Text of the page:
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Early Buddhist Literature

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The Buddhist Pali Scriptures contain three different collections: the Sutta (relating to the doctrines), the Vinaya (relating to the discipline of the monks) and the Abhidhamma (relating generally to the same subjects as the suttas but dealing with them in a scholastic and technical manner).

Scholars of Buddhistic religious history of modern times have failed as yet to fix any definite dates for the collection or composition of the different parts of the aforesaid canonical literature of the Buddhists.

The suttas were however composed before the Abhidhamma and it is very probable that almost the whole of the canonical works were completed before 241 B.C., the date of the third council during the reign of King Asoka.

The suttas mainly deal with the doctrine (Dhamma) of the Buddhistic faith whereas the Vinaya deals only with the regulations concerning the discipline of the monks.

The subject of the Abhidhamma is mostly the same as that of the suttas, namely, the interpretation of the Dhamma. Buddhaghosa in his introduction to _Atthasalini_, the commentary on the _Dhammasangani_, says that the Abhidhamma is so called (_abhi_ and _dhamma_) because it describes the same Dhammas as are related in the suttas in a more intensified (_dhammatireka_) and specialized (_dhammavisesatthena_) manner.

The Abhidhammas do not give any new doctrines that are not in the suttas, but they deal somewhat elaborately with those that are already found in the suttas.

Buddhaghosa in distinguishing the special features of the suttas from the Abhidhammas says that the acquirement of the former leads one to attain meditation (_samadhi_) whereas the latter leads one to attain wisdom (_pannasampadam_).

The force of this statement probably lies in this, that the dialogues of the suttas leave a chastening effect on the mind, the like of which is not to be found in the Abhidhammas, which busy themselves in enumerating the Buddhistic doctrines and defining them in a technical manner, which is more fitted to produce a reasoned insight into the doctrines than directly to generate a craving for following the path of meditation for the extinction of sorrow.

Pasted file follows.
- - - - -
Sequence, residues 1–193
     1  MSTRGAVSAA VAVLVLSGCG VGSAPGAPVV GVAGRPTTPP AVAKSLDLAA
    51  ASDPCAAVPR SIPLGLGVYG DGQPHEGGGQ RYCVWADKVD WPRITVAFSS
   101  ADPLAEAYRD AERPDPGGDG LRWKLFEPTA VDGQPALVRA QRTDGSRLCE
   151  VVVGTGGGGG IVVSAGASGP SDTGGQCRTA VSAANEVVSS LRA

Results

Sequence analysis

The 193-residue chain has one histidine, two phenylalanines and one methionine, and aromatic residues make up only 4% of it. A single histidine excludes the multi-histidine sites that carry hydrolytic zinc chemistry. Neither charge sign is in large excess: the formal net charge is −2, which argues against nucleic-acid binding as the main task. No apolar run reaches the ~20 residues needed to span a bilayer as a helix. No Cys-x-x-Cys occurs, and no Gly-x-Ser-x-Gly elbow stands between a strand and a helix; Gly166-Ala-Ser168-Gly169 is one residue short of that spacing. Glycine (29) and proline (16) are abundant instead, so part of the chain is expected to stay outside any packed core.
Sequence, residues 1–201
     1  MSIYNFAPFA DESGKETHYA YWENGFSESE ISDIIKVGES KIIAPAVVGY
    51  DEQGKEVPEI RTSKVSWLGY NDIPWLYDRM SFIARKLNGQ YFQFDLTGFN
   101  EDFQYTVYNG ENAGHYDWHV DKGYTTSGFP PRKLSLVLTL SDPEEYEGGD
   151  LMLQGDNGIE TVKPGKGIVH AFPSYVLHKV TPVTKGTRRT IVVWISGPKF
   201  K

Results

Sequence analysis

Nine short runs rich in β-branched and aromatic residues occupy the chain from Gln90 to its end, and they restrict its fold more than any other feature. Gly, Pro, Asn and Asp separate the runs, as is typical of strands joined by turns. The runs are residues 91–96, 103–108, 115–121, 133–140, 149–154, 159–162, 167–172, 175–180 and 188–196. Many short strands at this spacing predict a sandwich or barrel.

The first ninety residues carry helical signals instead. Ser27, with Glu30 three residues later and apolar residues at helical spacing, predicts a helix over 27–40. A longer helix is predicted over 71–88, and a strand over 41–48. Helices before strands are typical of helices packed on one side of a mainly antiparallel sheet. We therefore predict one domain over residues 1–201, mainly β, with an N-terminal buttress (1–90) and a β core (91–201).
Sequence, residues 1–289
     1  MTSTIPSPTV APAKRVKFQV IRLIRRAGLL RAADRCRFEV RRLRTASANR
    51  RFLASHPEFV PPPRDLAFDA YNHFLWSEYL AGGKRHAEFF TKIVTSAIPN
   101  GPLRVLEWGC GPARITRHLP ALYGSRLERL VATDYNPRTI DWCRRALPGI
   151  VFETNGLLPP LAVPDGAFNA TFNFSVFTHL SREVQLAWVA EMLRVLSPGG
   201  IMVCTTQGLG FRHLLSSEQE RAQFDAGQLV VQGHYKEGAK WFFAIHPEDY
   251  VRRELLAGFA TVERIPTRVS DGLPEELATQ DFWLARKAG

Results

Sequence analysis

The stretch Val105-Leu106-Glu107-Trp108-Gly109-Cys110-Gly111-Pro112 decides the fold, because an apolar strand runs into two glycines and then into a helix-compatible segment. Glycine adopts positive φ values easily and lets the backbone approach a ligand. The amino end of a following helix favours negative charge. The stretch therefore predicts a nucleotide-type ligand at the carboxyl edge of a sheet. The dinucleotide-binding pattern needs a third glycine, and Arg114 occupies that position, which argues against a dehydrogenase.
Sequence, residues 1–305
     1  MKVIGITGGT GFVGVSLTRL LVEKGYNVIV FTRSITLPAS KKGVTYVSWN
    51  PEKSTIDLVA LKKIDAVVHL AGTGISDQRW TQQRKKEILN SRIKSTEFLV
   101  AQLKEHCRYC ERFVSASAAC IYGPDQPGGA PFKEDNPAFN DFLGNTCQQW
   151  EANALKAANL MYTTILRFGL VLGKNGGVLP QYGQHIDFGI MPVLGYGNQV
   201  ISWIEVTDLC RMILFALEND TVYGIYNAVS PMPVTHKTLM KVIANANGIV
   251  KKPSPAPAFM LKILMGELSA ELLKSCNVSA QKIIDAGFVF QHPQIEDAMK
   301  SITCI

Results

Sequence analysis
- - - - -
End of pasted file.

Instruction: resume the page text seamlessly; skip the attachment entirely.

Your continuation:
The Abhidhamma known as the _Kathavatthu_ differs from the other Abhidhammas in this, that it attempts to reduce the views of the heterodox schools to absurdity. The discussions proceed in the form of questions and answers, and the answers of the opponents are often shown to be based on contradictory assumptions.


The suttas contain five groups of collections called the Nikayas.

These are

(1) _Digha Nikaya_, called so on account of the length of the suttas contained in it;

(2) _Majjhima Nikaya_ (middling Nikaya), called so on account of the middling extent of the suttas contained in it;

(3) _Samyutta Nikaya_ (Nikayas relating to special meetings), called samyutta on account of their being delivered owing to the meetings (_samyoga_) of special persons which were the occasions for them;

(4) _Anguttara Nikaya_, so called because in each succeeding book of this work the topics of discussion increase by one [Footnote ref 100];


(5) _Khuddaka Nikaya_ containing _


Khuddaka patha,

Dhammapada, Udana,

Itivuttaka,

Sutta Nipata,

Vimana-vatthu,

Petavatthu,

Theragatha,

Therigatha,

Jataka,

Niddesa,

Patisambhidamagga,

Apadana,

Buddhavamsa,

Caryapitaka.


The Abhidhammas are _Patthana, Dhammasangani, Dhatukatha, Puggalapannatti, Vibhanga, Yamaka_ and _Kathavatthu_.

There exists also a large commentary literature on diverse parts of the above works known as atthakatha.

The work known as _Milinda Panha (questions of King Milinda), of uncertain date, is of considerable philosophical value.

The doctrines and views incorporated in the above literature is generally now known as Sthaviravada or Theravada.

On the origin of the name Theravada (the doctrine of the elders) _Dipavamsa_ says that since the Theras (elders) met (at the first council) and collected the doctrines it was known as the Thera Vada [Footnote ref 101].

It does not appear that Buddhism as it appears in this Pali literature developed much since the time of Buddhaghosa (4OO A.D.), the writer of _Visuddhimagga_ (a compendium of theravada doctrines) and the commentator of _Dighanikaya, Dhammasangani_, etc.

Hindu philosophy in later times seems to have been influenced by the later offshoots of the different schools of Buddhism, but it does not appear that Pali Buddhism had any share in it.

I have not been able to discover any old Hindu writer who could be considered as being acquainted with Pali.

Source

literature.syzygy.in